After a spectacular crash earlier this year, the crypto industry’s most popular tokens have gone to sleep, suggesting amateur investors have fallen out of love with the once thrilling asset class and big funds have decided to keep their distance.
The price of the biggest token, bitcoin, has hovered mostly at about $20,000 now since August, having peaked a year ago close to $70,000. Ether, the second largest, has failed to rally since its environmental overhaul in September. Average annualised volatility for bitcoin is now the lowest since October 2020, according to analytics platform CryptoCompare.
At first, the drop in token prices was labelled a “crypto winter” — one of the market’s periodic dips. But the length of this now-drab phase, combined with the thousands of job losses in the sector in recent months, suggests this is more of an ice age, with no grand theories emerging as the next source of fuel for rallies.
“The narrative silence is deafening,” said Edmond Goh, head of trading at crypto broker B2C2. “Eventually a narrative will come along that will [break the impasse] — perhaps inflation or a big regulatory announcement. Perhaps something completely unexpected.”
Digital asset investment and trading group CoinShares describes this as an “apathetic period”.
In part, crypto has suffered the same malaise as other highly speculative asset classes since it became clear almost a year ago that US interest rates would need to rise fast to tackle sticky inflation.
The tech-heavy Nasdaq stock index in the US has fallen 30 per cent over the past year — one of the worst performances across developed markets. But bitcoin’s near-70 per cent drop over the same period is steeper, and May’s collapse of token luna, and the related so-called stablecoin terraUSD, lost about $40bn for investors and shook confidence in crypto more deeply. The industry’s market cap has shrunk from $3.2tn to under $1tn.
Thousands lost their jobs after exchanges including Coinbase and Gemini cut large sections of their workforces, while crypto hedge fund Three Arrows Capital and lending platform Celsius Network have collapsed into bankruptcy. High-profile senior executives across the industry have also surrendered their posts, including former industry chief executives Jesse Powell of Kraken, Michael Saylor of MicroStrategy and Alex Mashinsky of Celsius.
The flat price has deterred speculators, leaving the market to long-term bulls. Known in industry as “Hodl-ers” — short for Holding On for Dear Life — they appear to be doing just that. Morgan Stanley estimated this week that 78 per cent of all bitcoin units had not been used for any transaction in the past six months, a record amount.
Aside from the tougher interest rate environment, some of the key arguments underpinning crypto have proven faulty. El Salvador’s experiment with bitcoin as an official currency has fallen flat, while crypto has failed as a hedge against inflation — prices have dropped even as inflation in developed economies has approached 10 per cent.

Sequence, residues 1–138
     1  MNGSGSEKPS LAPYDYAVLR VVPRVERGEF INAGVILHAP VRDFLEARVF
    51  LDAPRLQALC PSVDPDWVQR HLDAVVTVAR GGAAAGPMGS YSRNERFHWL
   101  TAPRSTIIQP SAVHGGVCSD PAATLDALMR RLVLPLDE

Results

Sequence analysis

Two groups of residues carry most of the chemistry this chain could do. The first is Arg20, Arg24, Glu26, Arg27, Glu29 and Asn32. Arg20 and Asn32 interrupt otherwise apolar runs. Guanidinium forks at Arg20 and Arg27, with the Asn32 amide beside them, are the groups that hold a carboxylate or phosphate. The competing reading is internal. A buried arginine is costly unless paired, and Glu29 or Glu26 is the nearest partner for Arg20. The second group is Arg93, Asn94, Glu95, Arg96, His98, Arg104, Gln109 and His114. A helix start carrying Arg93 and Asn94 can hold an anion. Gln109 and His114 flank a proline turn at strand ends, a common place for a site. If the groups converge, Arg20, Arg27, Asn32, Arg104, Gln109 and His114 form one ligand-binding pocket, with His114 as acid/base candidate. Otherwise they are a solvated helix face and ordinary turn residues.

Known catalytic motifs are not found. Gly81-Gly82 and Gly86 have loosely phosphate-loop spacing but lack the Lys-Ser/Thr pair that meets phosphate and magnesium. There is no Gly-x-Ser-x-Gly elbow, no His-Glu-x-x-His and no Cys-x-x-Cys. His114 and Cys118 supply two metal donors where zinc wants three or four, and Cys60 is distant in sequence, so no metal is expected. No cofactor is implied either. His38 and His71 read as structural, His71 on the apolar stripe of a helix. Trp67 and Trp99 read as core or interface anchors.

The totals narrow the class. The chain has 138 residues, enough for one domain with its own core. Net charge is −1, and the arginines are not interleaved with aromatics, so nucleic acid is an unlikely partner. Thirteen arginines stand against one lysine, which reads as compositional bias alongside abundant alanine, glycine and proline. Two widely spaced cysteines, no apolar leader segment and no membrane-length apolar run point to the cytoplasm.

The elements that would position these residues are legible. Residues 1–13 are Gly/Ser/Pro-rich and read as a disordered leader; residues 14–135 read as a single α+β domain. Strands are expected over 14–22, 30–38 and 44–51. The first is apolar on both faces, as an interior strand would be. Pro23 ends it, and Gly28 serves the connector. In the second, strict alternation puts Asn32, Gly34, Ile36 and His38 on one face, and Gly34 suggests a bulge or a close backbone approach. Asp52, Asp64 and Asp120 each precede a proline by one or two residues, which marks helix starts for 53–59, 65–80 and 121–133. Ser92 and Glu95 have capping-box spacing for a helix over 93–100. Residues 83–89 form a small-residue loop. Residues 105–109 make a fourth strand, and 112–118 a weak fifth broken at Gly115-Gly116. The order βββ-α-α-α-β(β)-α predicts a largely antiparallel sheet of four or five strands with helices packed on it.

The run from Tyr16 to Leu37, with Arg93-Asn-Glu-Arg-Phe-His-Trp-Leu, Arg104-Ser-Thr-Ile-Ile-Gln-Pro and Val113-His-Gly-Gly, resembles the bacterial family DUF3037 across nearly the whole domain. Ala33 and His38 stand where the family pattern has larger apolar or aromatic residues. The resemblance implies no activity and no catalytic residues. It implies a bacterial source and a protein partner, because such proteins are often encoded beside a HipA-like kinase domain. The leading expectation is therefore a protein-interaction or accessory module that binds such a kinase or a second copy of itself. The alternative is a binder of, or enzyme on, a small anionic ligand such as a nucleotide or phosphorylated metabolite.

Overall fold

“[Bitcoin] has not acted, over the last couple of years, as an inflation hedge or as a store of value,” said Alkesh Shah, digital assets strategist at the Bank of America.
Even a successful shift away from energy-intensive crypto mining practices to a carbon-light alternative has not helped lift spirits. In September, the Ethereum network, performed the so-called Merge, hopping over to a greener blockchain. The move has cut the network’s energy usage by about 99 per cent but it has yet to spark a rise in the value of ether, the token tied to the blockchain.
The pain for others may not yet be over. Crypto miners, which generally use computers to solve puzzles in return for tokens, are also feeling the squeeze. While they need to keep spending ever-rising sums of money on energy, the token they are rewarded with is depressed.
US-listed mining firm Core Scientific this week warned it may run out of cash by the end of the year and need to file for bankruptcy, sending it shares down more than 70 per cent. In a regulatory filing, the company blamed the low price of bitcoin, increased electricity costs and litigation with now-bankrupt lending platform Celsius.
Despite collapsing value, some remain optimistic. Dan Ives, managing director of Wedbush Securities, said “this has been a brutal period for risk assets including crypto . . . but the asset class is here to stay”. However, he also said “blockchain and more use cases are key for crypto looking ahead”.
In August, Coinbase announced a deal with BlackRock to give the asset manager’s clients access to digital assets in a move viewed as a potential watershed moment for crypto’s mainstream hopes. The asset management giant said it was “still seeing substantial interest” from institutional clients despite the market’s downturn.
Nasdaq, Mastercard and BNY Mellon have also announced crypto services in recent weeks, bolstering the argument that institutional interest in digital assets remains despite this year’s crash. But it may be some time before interest turns into something firmer.
“There are no fundamentals that underlie crypto, or to the extent that they exist they haven’t been identified yet,” said Charley Cooper, managing director at blockchain firm R3. “The idea that we are suddenly going to see a spectacular bull run before the broader economy gains its footing, I think is fanciful.”